I don’t believe in oppression of faiths other than my own. I think it’s legitimate in some situations to have a state religion, and to have one religion given special status, but that’s a far cry from ‘oppression’. and I saw nothing remotely anti-Semitic about Greg’s comment.

    In general, I find the tendency some people have to cry ‘anti-semitism’ in response to criticisms of Judaism, Jewish culture or the state of Israel, to be pretty unseemly and distasteful. it reminds me of the tendency of some feminists to label anything they don’t like ‘sexism’ or ‘patriarchy’. it would be much better, in both cases, for the people being criticized to consider whether there might be something to the criticisms.

  47. David Lapp says:

    David:

    The thing is only the thing. That’s the key point in all of this.

    You know, after I wrote what I wrote, I thought you might say this!

    Whenever I hear you say this, I’m puzzled. The principle seems arbitrary to me. I want to know more about why you think the thing is only the thing. What is the reason for why the thing is only the thing?

    Because things have properties and qualities. Things have essences. For instance, a lot of philosophers says that the “essence” of a person is that he is a rational animal: People are rational animals. Okay, the thing is the thing.

    But it’s also true that people have properties, or qualities. For instance, the ability to speak is a property of being human. The ability to speak is a property of being human because the ability to speak “flows from” the essence of rationality.

    By noting that “People have the ability to speak” am I violating the principle that the thing is the thing? That would seem absurd.

    Let’s say that truth is “what is” (to follow Shcroeder’s earlier definition). That’s the essence of what truth is. Okay, but it’s possible for truth to have properties that flow from the essence. It’s possible that one of those properties is beauty. I’m convinced that it is. So in addition to saying to saying “The truth is what is,” I also say “Truth is beautiful.”

    You might disagree with me that beauty is not one of the properties. But I’m confused when you appear to deny the possibility of admitting that things have properties which flow from the essences.

    In sum, that’s why it seems arbitrary to me when you insist that “the thing is the only thing.” Could you explain further?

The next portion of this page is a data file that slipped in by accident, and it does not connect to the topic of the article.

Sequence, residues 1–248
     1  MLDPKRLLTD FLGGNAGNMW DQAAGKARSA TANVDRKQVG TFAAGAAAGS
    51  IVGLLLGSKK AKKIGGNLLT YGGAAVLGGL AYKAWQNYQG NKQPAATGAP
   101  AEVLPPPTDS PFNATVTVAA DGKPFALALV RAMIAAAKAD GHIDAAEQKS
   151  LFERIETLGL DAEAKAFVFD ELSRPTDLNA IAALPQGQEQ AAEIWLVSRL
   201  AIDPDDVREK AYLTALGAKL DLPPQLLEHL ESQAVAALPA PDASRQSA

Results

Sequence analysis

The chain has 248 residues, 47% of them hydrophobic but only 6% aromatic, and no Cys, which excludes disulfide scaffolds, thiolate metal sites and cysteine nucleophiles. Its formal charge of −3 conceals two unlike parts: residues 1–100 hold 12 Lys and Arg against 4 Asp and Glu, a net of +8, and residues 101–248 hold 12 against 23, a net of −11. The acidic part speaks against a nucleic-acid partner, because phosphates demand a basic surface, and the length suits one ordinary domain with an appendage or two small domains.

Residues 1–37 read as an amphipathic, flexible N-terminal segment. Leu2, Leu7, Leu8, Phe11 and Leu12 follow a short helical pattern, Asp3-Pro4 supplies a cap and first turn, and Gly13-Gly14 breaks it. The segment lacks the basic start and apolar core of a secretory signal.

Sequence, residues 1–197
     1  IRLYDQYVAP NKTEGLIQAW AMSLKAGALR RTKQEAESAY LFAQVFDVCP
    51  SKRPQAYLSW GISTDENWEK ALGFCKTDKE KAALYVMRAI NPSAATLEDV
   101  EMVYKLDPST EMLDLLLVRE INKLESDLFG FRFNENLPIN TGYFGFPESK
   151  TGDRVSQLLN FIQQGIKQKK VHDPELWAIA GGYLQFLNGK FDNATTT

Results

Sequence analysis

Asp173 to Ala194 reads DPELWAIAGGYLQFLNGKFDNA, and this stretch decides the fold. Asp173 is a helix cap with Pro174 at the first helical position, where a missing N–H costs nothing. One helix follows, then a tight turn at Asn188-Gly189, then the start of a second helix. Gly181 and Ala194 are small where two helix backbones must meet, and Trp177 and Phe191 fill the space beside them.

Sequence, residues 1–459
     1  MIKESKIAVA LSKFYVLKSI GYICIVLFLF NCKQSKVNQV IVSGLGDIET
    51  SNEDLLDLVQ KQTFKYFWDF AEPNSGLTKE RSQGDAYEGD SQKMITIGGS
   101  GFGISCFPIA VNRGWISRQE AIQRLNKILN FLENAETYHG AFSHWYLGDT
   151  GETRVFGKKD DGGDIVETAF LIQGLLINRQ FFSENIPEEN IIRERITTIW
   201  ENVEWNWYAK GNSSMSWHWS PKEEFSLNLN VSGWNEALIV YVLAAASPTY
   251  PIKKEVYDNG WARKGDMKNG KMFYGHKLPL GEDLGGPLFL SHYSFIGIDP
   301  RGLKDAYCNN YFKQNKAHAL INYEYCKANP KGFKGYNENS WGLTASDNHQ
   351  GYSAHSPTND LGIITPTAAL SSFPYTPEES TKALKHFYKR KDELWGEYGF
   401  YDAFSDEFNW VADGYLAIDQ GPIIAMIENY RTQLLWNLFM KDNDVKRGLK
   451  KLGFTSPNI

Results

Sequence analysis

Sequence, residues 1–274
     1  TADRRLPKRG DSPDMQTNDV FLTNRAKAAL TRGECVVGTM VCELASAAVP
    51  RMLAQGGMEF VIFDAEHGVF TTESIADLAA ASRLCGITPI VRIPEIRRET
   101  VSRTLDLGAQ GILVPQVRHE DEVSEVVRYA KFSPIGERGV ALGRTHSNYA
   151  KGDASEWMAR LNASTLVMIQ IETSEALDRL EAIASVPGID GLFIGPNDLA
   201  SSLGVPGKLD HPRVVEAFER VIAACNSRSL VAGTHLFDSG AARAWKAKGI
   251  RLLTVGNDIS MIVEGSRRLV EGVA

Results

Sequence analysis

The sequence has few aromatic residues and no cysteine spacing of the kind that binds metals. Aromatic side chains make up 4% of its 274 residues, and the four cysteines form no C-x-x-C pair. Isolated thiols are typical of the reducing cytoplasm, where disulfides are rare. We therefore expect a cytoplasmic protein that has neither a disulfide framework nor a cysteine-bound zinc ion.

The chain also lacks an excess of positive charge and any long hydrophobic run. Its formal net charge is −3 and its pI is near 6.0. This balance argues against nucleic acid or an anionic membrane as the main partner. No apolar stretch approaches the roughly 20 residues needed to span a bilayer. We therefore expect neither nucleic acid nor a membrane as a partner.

48. Kevin says:

    “Equality appears to function as the one true good, the touchstone by which we order other goods, in progressive thinking. It is the trump card when goods conflict.”

    Perhaps a more accurate way to describe things is that we play by the rules of whatever game we’re playing. If we’re talking about a legal matter, then we apply legal principles. If we’re playing football, we apply football rules. If we’re talking about art, then form, composition and medium matter; due process and touchdowns do not.

    In the US, while equal treatment under the law is codified, it also is reflected in our sense of fairness, socially and otherwise. It dovetails nicely with moral and religious themes commonly referred to as the Golden Rule. It is hardly the sole domain of the politically progressive, I certainly hope.

  49. Diane M says:

    I would agree with Shroeder that truth is by definition, not plural. It may be extremely complex and even unknowable, but it is what is.

    If you look at the example of punishing criminals, it is the complexity that makes it hard to answer the question. Mercy may be better than justice, but there may still be a time when justice is the right thing to do. Perhaps mercy only applies in certain situations. Perhaps punishment is merciful.

    Although truth may be one in some abstract sense, when we get down to real-life examples, it is much harder to figure out. Should you fund the nursery school or the drug rehabilitation program?

    The other thing that struck me reading through the comments is that in many debates about social policy you have people starting with different assumptions and working for different social goods. When they conflict, it isn’t just hard to sort out which social good is more important, it’s hard to figure out how to talk to each other. So people end up just talking past each other.

  50. Teresa says:

    DianeWhen they conflict, it isn’t just hard to sort out which social good is more important, it’s hard to figure out how to talk to each other. So people end up just talking past each other.

    Excellent observation, Diane. We talk past each other all the time, it seems. It seems even harder, if that’s possible, to listen to the other in the virtual world; where we’re not even dealing with the other’s presence, but some digital name.

    Diane, you seem to be very good at staying on-topic for the Posts. I admire that and will try to emulate that in the future. Can you offer tips on how to stay focused?

    @David B., are you up for opening this Post to more comments?